Then I found out that he knew. And that is where the fear came back to me. Yet this event was the one event where I knew within me that I finally fucking had enough. I prayed and asked God for a way out. That was three years ago, and my way out came to me in the form of a massive heart attack and a pack a day habit that I know has turned into some sort of cancer – I know this because no one can be that angry and live this long with all those habits and all that anger. I know this because just like when you have gone blind the rest of your senses become more pronounced, and the same can be said for a person when they have been abused. Your sixth sense sharpens and you become a lot more aware of the things that you are going through and you can read people better than you may have in the past. You start to see things in a way that your mother could never imagine her child as having to see. In my case I was already empathic as it was. To go through yet more crap made me more empathic. That which was sharp already is now sharper than even I imagined it could be. Again, I have said it many times in the recent past, and I am fond of saying it a lot – when I tell you to be careful because I really do know what you are thinking, I really and truly know what you are thinking…really.
But I had to go through a whole lot to get here, where I am, and still, even at this late stage when I know the end of this story, I still fear him. I still fear waking up gasping for air and trying to open my eyes to find that he has tucked the blanket underneath me tightly enough to make me suffocate. I still have nightmares of me running from an angry bull and seeing ahead of me only a brick wall that gets taller and taller and wider and wider the more I try to run around it or scale it. I still fear him, even as he is dying, because what has a dying man to lose other than his life, right? Even as I know that it won’t happen, that my fears are misplaced, they are still there lurking, creeping around in my psyche like so many weirdos in a public park. The only thing that quells the fears and the only thing that gives me comfort is watching him decline physically on a daily basis. Knowing that his expiration date is upon us is the one thing that gives me comfort. I know that his death is imminent, that it is happening now as I write this.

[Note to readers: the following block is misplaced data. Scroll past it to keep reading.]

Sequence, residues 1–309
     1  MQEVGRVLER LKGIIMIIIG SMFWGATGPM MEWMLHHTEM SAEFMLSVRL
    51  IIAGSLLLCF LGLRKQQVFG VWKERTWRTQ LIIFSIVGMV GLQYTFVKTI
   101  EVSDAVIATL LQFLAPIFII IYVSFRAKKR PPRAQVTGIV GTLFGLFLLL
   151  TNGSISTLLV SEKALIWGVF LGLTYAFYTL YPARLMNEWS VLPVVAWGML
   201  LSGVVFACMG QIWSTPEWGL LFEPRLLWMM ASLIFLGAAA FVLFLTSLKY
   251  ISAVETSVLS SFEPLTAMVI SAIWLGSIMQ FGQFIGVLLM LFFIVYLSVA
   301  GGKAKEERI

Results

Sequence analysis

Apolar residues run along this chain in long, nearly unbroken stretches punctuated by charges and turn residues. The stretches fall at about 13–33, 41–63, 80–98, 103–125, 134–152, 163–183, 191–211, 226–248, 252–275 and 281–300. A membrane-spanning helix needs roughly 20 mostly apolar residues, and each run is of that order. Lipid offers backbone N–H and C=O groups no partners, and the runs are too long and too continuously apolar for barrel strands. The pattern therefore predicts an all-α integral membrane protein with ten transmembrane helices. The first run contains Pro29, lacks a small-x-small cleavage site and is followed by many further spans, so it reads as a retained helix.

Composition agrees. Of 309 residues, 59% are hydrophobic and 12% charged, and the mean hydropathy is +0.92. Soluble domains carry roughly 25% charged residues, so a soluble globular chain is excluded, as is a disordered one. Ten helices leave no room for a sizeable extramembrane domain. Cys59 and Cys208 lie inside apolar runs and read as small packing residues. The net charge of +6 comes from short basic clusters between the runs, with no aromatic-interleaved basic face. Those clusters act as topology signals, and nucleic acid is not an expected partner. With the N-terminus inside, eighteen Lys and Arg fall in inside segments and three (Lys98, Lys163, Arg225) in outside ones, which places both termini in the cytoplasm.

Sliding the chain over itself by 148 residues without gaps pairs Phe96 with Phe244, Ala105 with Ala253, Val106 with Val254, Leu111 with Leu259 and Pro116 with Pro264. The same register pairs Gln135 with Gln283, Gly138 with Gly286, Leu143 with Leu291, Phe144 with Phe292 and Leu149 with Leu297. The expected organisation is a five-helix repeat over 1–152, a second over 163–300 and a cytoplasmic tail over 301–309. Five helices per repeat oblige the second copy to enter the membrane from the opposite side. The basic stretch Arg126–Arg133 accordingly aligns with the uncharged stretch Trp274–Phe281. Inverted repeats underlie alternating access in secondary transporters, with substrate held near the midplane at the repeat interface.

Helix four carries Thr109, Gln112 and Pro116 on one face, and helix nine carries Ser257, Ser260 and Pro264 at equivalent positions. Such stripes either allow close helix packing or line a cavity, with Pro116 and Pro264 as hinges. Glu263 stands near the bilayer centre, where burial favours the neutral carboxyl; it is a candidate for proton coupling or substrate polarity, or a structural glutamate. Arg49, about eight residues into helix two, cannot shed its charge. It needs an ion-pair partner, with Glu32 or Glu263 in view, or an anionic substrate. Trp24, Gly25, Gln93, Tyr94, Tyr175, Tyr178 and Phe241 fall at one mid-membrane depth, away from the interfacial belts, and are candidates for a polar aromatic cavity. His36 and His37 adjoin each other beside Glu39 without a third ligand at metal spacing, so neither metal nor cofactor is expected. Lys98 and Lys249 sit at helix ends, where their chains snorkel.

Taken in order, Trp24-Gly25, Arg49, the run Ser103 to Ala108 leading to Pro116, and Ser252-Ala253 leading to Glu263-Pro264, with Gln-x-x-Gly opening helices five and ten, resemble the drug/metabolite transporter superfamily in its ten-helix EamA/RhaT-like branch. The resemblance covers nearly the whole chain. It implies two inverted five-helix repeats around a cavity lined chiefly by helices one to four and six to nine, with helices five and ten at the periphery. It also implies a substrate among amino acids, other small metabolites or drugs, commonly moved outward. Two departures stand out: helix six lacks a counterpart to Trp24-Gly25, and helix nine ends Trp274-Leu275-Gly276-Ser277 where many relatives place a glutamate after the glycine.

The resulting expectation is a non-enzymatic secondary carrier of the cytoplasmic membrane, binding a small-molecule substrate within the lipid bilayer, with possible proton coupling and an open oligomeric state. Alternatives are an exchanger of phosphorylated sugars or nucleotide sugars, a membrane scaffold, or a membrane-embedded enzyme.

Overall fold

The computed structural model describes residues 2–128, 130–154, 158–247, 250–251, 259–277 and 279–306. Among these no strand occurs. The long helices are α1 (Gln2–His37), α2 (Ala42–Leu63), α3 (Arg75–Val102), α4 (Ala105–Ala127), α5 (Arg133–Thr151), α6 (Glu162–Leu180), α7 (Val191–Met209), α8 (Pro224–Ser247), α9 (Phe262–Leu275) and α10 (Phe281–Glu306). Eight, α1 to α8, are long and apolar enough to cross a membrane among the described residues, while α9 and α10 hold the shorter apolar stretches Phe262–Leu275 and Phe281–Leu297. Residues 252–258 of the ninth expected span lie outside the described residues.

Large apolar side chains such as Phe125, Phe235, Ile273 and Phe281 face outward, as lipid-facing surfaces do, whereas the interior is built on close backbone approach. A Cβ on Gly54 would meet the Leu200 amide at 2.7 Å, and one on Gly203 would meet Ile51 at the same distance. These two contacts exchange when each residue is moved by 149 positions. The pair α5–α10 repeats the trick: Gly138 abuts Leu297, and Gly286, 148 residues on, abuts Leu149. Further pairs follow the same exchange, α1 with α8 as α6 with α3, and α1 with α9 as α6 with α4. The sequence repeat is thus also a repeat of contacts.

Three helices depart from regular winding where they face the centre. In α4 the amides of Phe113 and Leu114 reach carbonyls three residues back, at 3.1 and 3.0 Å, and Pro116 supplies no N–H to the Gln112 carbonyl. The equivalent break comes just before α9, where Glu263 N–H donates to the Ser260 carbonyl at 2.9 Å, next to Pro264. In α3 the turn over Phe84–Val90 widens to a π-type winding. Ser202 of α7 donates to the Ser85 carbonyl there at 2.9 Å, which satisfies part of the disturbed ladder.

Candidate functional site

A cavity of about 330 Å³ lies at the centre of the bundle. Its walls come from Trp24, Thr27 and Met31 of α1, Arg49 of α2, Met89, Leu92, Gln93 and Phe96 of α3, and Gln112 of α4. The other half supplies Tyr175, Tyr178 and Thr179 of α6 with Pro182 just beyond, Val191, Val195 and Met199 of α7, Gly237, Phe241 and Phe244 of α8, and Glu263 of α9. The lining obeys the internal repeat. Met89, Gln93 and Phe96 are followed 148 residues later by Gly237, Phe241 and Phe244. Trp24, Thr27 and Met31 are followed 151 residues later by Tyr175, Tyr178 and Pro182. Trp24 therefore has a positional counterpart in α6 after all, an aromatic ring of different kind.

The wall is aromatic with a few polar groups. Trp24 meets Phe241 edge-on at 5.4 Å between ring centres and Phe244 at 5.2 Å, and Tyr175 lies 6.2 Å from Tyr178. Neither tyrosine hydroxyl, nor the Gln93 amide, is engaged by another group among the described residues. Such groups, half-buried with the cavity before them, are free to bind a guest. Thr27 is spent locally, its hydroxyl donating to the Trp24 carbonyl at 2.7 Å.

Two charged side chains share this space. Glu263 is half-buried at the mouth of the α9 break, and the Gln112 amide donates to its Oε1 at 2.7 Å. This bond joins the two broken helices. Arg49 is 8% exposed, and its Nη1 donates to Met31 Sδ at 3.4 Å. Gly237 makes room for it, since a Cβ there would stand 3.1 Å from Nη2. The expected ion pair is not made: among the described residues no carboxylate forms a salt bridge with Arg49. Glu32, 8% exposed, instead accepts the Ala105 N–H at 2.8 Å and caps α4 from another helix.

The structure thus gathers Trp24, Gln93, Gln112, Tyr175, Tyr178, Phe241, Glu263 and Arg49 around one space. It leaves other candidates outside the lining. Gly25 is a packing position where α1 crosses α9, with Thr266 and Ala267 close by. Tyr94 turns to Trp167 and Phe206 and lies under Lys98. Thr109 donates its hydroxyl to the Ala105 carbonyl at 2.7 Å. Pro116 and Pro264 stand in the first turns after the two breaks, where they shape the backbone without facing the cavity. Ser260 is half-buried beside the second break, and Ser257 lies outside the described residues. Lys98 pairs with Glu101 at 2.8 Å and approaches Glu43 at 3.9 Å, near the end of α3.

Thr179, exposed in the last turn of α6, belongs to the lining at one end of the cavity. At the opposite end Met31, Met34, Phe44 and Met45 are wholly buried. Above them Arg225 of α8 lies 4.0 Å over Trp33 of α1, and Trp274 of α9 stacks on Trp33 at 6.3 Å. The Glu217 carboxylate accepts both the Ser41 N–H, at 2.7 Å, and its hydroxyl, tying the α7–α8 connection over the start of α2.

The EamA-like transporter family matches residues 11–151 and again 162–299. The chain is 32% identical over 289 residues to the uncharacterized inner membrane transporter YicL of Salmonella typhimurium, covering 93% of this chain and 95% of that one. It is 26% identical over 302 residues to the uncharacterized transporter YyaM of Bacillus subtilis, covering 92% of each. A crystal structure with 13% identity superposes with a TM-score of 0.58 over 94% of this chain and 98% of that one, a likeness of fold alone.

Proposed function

There is no reason to stay with an abuser, but without help and a support system you have no way out. You must endure.
One day, though, you get smart, you get tired of putting up with their crap and you begin to utilize what you have within you to find your way out. When John got sick I got very educated about heart disease, about how long it takes for a smoker to develop some sort of respiratory ailment and how those ailments work in tandem with the larger physical issues. You begin to develop your own sort of ailment, the kind that infects the soul and the kind that makes you wait for something better.
Take my advice – start looking for your way out now. It is going to take a while to get where I am, but you will get here. And whatever you do, you leave when YOU are ready because only YOU know when it is safe to. And sometimes it is not safe to leave, so you have to look for and even create the opportunity to escape.
Never give up hope. That is what they want you to do.
As long as you never stop hoping, as long as you always keep on trying, eventually you will be shown the way out, even if that way out is to their early grave.
I Love You All …
(Rev. Roxanne Cottell is a Freelance Writer, Speaker and Spiritual Counselor residing in Southern California. For inquires regarding the Ka Wahine ‘Ui dance program for survivors of domestic abuse,or any other inquiries. please contact her by clicking here . Her latest book, “Goddesses, Priestesses and Queens” can be purchased at lulu.com and amazon.com)